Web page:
Should You Let Your Dog Hide?

fearful dogs Jun 19, 2023
scared dog hiding

Should you let your dog hide when they want to? Or do you need to take away their hiding places so they get used to being around people?  You'll find a lot of conflicting advice on this topic. In this blog I'll try to clear up the confusion so you can make an informed decision about how to handle your dog's desire to retreat and hide.  

If you're looking for the short answer, then yes, let your dog hide if they want to. If you need more, here's the "why" behind this recommendation:


Reason #1 To Let Your Dog Hide:  Better Welfare And Less Problem Behavior

There's good evidence to suggest that animals that are provided with the option to retreat and hide from people or other animals are less stressed and exhibit less problematic behavior. For example, shelter cats who are provided a hiding box exhibit fewer stress-related behaviors. In a petting zoo setting, goats and sheep who had the option of completely retreating and hiding from visitors showed less problem behaviors like head-butting.  Check out the citation list at the end of the blog if you want to read supporting studies. 


Reason #2 To Let Your Dog Hide: Blocking Retreat Could Punish Behaviors You Want

Blocking retreat or removing hiding places like crates could punish whatever behaviors precede these actions, some of which could be behaviors you want to increase. For example, if you close a fearful dog's crate after they leave it so that they can't retreat back to it, they might be less likely to leave the crate in your presence in the future. If you leash a fearful dog to keep them near you for training purposes, they might not tolerant your attempts to leash them in the future. Instead, they could attempt to flee, or aggress.


Reason #3 To Let Your Dog Hide: Increase Social Behavior And Exploration

The most common reasoning I've head for not allowing fearful animals to hide is that the dog (or cat) "has to get used to" being out and around people. Luckily, there is some research on this topic to help us decide if this reasoning is sound. Studies of shelter cats and laboratory animals have found increased social behavior toward people, and increased frequency of leaving hiding to explore, among animals who have a hiding place available to them.  Animals who didn't have the option to hide showed LESS social behavior and less willingness to explore their surroundings. So although it might seem counterintuitive, it seems that providing hiding place options is more likely to help you reach your goals with your fearful pup than to slow progress.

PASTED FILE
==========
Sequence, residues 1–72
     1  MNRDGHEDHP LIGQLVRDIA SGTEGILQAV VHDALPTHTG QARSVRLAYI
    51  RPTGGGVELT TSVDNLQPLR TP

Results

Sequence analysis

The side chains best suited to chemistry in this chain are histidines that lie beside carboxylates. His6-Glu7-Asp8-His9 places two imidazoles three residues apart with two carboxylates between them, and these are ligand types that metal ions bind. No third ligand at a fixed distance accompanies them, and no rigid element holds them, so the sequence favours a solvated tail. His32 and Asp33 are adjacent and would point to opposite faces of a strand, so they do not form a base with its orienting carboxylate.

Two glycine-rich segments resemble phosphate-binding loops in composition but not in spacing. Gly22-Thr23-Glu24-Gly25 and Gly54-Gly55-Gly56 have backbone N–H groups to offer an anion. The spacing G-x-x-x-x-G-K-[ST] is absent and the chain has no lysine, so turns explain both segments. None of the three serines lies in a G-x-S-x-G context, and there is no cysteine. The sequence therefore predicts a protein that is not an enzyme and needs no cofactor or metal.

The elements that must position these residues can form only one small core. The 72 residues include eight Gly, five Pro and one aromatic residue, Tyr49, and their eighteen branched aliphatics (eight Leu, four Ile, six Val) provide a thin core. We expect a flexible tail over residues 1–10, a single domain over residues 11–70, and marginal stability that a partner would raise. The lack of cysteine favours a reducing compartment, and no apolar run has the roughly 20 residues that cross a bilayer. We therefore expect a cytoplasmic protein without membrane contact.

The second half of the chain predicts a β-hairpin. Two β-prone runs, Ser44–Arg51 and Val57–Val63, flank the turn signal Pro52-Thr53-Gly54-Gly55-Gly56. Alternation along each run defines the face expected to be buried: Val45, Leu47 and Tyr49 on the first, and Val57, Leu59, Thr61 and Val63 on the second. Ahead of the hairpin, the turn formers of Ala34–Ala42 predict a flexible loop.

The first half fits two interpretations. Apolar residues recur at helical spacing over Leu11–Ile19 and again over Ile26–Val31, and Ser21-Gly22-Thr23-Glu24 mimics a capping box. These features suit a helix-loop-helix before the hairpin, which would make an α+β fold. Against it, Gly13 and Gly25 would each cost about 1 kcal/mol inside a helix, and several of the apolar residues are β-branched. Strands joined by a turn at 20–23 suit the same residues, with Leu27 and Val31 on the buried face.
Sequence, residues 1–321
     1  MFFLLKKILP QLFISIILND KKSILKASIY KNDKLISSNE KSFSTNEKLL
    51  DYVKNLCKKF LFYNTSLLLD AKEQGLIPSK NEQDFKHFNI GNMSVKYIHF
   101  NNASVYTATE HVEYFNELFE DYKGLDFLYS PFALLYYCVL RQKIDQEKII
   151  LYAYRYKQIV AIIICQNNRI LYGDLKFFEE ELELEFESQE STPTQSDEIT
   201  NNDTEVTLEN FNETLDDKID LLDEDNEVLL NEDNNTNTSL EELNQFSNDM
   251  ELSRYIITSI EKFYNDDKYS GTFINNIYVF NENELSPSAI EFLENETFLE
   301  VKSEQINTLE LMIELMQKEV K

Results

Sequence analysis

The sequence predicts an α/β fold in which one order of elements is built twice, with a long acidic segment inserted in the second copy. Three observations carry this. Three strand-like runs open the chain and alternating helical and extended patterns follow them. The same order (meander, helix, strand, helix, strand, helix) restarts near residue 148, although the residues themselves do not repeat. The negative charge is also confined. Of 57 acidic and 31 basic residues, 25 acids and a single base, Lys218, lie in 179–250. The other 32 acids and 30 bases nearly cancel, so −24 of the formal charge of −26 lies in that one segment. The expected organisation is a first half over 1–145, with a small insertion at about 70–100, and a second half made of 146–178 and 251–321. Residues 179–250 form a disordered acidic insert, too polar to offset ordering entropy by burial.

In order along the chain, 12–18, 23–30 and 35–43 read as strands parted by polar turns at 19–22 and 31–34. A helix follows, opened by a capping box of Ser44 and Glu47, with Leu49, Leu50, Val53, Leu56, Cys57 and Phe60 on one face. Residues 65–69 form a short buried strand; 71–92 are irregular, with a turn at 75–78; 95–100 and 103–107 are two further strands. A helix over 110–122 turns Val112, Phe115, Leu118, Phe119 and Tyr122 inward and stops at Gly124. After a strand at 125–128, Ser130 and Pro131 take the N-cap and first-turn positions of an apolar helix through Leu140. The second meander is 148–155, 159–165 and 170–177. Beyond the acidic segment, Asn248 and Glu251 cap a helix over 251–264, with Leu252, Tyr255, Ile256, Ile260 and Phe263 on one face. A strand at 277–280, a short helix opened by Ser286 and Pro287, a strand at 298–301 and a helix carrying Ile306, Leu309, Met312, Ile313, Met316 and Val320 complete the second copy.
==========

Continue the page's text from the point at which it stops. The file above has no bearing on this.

Reason #4 To Let Your Dog Hide: You Don't Need To Deprive Your Dog Of A Safe Space To Make Progress

This might be obvious from the previous points, but a good positive reinforcement-based trainer should be able to help you build your dog's skillset for interacting with the world, without depriving them of their ability to retreat or hide. If you need help finding a good trainer or want to learn more about working with us, shoot us an email at [email protected].

Some relevant literature

Anderson, U. S., Benne, M., Bloomsmith, M. A., & Maple, T. L. (2002). Retreat space and human visitor density moderate undesirable behavior in petting zoo animals. Journal of Applied Animal Welfare Science, 5(2), 125-137.  

Caws, C. E., Wehnelt, S., & Aureli, F. (2008). The effect of a new vertical structure in mitigating aggressive behaviour in a large group of chimpanzees (Pan troglodytes). Animal Welfare, 17(2), 149-154. 

Chazin, K. T., Velez, M. S., & Ledford, J. R. (2022). Reducing escape without escape extinction: A systematic review and meta-analysis of escape-based interventions. Journal of Behavioral Education, 31(1), 186-215.

 Kry, K., & Casey, R. (2007). The effect of hiding enrichment on stress levels and behaviour of domestic cats (Felis sylvestris catus) in a shelter setting and the implications for adoption potential. Animal Welfare, 16(3), 375-383

Morgan, K. N., & Tromborg, C. T. (2007). Sources of stress in captivity. Applied animal behaviour science, 102(3-4), 262-302.


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